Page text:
Summer Professional Development - The Future of Student Affairs

During the academic year, I struggle to make time for “learning” in the sense of professional development. What I have started to do, to address this gap, is create a folder on my desktop of reports or research projects I want to read in the summer. Even with orientation commitments, I am better able to block off a little time in my schedule to advance my knowledge of the work we do but reading about the great work and research of others.

I, OBVIOUSLY, focus on AHEPPP blogs, newsletters and resources that I have flagged but did not get a chance to really dive into. In addition, some of what I file away are the research projects that come from other higher education professional associations. Many of these are free to access. These types of publications can help inform us of the work of close colleagues or even guide our practices moving forward.
One publication in which I was particularly interested was the recently completed The Compass Report: Charting the Future of Student Affairs which was shared by NASPA.  This report is free to download if you provide NASPA your contact information (email address). The report focuses on issues or trends within higher education that will most influence student affairs professionals in the next 5 years.

The NASPA Future of Student Affairs Task Force identified four areas as having the most influence on work with students:   

  • Student Needs and Expectations

    - Including mental health and basic need support, changing technology usage, focusing on student learning and critical partnership for student engagement

  • Social Justice, Equity, Diversity and Inclusion

    - Including building inclusive campus environments and providing staff the training and tools to do this work

  • Professional Preparation and Development

    - Including finding time for staff to gain the knowledge and skills needed to be successful with evolving work, including the complexities of supervision, preparing staff for these changes, and balancing what is often “specialist” roles the require “generalist” skills.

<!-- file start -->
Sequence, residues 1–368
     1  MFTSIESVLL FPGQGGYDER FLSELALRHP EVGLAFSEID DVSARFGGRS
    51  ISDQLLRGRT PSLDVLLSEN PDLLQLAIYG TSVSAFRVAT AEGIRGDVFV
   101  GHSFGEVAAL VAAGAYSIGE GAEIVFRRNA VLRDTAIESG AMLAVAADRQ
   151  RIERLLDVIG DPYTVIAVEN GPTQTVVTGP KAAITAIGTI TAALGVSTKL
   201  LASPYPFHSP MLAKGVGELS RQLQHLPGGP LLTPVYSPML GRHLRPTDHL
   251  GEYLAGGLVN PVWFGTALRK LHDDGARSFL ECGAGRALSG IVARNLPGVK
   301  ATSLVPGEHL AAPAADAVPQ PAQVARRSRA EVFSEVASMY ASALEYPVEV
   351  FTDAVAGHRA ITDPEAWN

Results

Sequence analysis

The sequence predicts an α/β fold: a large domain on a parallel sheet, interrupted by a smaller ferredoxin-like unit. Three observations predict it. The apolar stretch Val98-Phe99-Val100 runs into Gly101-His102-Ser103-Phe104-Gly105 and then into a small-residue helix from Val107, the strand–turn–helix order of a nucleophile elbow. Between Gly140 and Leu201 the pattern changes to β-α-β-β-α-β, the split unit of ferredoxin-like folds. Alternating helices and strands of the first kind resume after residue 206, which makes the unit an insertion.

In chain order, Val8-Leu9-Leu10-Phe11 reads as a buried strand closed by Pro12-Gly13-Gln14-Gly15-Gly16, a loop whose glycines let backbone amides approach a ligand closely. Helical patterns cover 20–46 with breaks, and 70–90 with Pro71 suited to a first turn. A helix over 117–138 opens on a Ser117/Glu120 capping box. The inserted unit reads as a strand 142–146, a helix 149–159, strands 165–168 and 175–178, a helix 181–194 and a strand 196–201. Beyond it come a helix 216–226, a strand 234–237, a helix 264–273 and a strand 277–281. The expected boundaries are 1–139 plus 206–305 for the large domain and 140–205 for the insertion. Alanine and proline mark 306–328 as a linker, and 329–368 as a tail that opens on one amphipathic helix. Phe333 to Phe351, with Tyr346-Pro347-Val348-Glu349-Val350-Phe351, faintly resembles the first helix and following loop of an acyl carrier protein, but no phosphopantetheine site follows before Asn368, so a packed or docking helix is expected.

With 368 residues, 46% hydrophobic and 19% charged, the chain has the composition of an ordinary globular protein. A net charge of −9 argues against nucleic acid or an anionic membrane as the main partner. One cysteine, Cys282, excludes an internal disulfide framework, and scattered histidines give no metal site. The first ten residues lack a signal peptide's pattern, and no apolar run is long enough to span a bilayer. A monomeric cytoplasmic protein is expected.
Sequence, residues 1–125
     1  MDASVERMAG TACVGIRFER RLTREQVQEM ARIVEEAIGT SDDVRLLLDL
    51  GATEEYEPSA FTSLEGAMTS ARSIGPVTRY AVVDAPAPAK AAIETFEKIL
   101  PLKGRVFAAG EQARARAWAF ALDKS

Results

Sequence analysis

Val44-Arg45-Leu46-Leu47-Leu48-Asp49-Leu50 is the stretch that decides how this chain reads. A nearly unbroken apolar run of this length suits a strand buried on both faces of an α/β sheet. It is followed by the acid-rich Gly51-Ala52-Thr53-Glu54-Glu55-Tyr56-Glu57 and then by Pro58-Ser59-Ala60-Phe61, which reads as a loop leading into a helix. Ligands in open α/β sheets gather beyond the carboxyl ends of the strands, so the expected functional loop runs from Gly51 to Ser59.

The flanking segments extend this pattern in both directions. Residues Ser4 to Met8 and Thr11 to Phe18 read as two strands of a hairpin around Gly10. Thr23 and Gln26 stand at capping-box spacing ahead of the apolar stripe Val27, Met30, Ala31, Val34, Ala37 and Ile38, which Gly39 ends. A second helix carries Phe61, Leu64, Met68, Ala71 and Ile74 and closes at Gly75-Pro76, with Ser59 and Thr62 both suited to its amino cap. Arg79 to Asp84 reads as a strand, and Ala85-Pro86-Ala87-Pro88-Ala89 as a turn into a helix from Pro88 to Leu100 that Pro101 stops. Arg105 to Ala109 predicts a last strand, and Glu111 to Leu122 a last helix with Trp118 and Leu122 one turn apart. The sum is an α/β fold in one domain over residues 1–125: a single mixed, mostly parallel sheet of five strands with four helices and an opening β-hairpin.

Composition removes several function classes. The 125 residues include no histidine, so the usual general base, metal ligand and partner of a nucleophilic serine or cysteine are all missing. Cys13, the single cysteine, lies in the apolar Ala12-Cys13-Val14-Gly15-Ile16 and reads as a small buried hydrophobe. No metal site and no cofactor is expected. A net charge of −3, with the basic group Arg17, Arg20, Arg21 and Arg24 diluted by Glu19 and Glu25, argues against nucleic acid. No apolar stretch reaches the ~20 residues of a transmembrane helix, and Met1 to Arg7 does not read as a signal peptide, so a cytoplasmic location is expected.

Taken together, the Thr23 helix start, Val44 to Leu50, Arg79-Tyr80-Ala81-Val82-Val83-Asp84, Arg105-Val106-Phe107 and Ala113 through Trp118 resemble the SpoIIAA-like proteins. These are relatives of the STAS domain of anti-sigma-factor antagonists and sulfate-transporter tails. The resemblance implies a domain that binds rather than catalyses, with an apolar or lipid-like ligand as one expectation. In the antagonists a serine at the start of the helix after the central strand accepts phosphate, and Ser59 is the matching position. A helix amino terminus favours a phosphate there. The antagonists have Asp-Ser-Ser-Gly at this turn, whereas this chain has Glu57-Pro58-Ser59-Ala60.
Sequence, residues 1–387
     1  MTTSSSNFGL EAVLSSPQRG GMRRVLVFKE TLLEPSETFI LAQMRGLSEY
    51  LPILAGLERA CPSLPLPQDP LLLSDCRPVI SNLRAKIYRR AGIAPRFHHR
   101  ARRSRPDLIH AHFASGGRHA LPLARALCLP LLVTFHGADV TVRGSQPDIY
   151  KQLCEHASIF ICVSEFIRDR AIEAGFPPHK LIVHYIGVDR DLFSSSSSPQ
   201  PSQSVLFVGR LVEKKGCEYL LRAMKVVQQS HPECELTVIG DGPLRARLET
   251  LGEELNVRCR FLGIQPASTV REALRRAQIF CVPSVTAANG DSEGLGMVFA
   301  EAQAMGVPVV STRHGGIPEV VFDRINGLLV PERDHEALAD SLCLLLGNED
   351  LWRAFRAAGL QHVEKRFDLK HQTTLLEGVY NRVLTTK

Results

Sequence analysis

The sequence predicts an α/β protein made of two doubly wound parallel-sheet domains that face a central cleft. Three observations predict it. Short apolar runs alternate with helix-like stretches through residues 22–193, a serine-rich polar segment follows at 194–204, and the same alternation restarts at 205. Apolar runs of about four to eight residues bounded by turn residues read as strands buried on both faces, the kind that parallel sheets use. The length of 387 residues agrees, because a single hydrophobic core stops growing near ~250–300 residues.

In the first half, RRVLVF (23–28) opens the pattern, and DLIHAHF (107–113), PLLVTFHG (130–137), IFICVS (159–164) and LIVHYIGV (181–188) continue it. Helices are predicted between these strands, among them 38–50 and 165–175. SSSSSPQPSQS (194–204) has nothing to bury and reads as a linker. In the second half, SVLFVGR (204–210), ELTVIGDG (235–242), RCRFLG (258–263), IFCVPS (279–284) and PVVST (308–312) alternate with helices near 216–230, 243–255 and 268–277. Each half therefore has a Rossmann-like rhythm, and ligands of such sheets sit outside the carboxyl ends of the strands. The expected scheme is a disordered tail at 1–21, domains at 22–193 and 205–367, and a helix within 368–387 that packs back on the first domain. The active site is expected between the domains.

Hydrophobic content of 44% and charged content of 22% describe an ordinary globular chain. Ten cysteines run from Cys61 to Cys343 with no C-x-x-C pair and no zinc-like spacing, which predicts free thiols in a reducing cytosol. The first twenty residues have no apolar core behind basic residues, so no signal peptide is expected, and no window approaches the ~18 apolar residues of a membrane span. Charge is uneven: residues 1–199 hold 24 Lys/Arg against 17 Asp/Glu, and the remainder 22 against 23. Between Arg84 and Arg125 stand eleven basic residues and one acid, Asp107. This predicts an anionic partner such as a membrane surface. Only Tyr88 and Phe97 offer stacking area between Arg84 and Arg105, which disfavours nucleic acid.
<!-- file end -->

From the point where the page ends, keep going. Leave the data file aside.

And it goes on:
• Workforce Satisfaction and Retention

    - Including how we provide reasonable expectations for positions keeping mind these emerging trends and limited resources while balancing the desire for flexibility and remote work

In addition, five strategic imperatives are presented for consideration:
1. Strengthen data capacity and highlight evidence about the impact of holistic student support programs and activities

2. Operationalize student-centered commitments to justice, equity, diversity, and inclusion

3. Optimize use of technologies to deliver high-quality in-person and virtual student experiences

4. Approach the need for greater staff care systemically

5. Align student affairs preparation and talent management approaches with the evolving needs of the profession

For each of these strategic imperatives, recommendations are provided for institutional leadership, practitioners, graduate preparation programs and professional association on how we can assist in this work. The article is a lengthy read but a great piece for generating discussion amongst your teams of how our work will continue to evolve and how we plan to meet these challenges.

Whether your work is centered in Student Affairs / Student Life, or you report through another unit at your college or university, the report is a great read about the changing landscape of work with students on our campuses. As we know, these issues will not just face students but also will involve their families and supporters who continue to be a guiding presence in their student’s experience (and we know for some families, saying “guiding presence” is a huge understatement). In our work, we must continue to elevate the voices of families so their impact on the higher education experience, more holistically, are considered. As an association, we must embrace our roles in these strategic priorities and how we can prepare our members for the journey ahead.

As you look at professional development opportunities for summer, reading and discussing this article is an effective way to spend some staff time, critically thinking about our work, how it is changing and what we must do to realign ourselves to meet these challenges.

Ryan Lovell is an Associate Dean of Students and the Director of Parent and Family Relations at The Ohio State University and a member of the AHEPPP Board of Directors.

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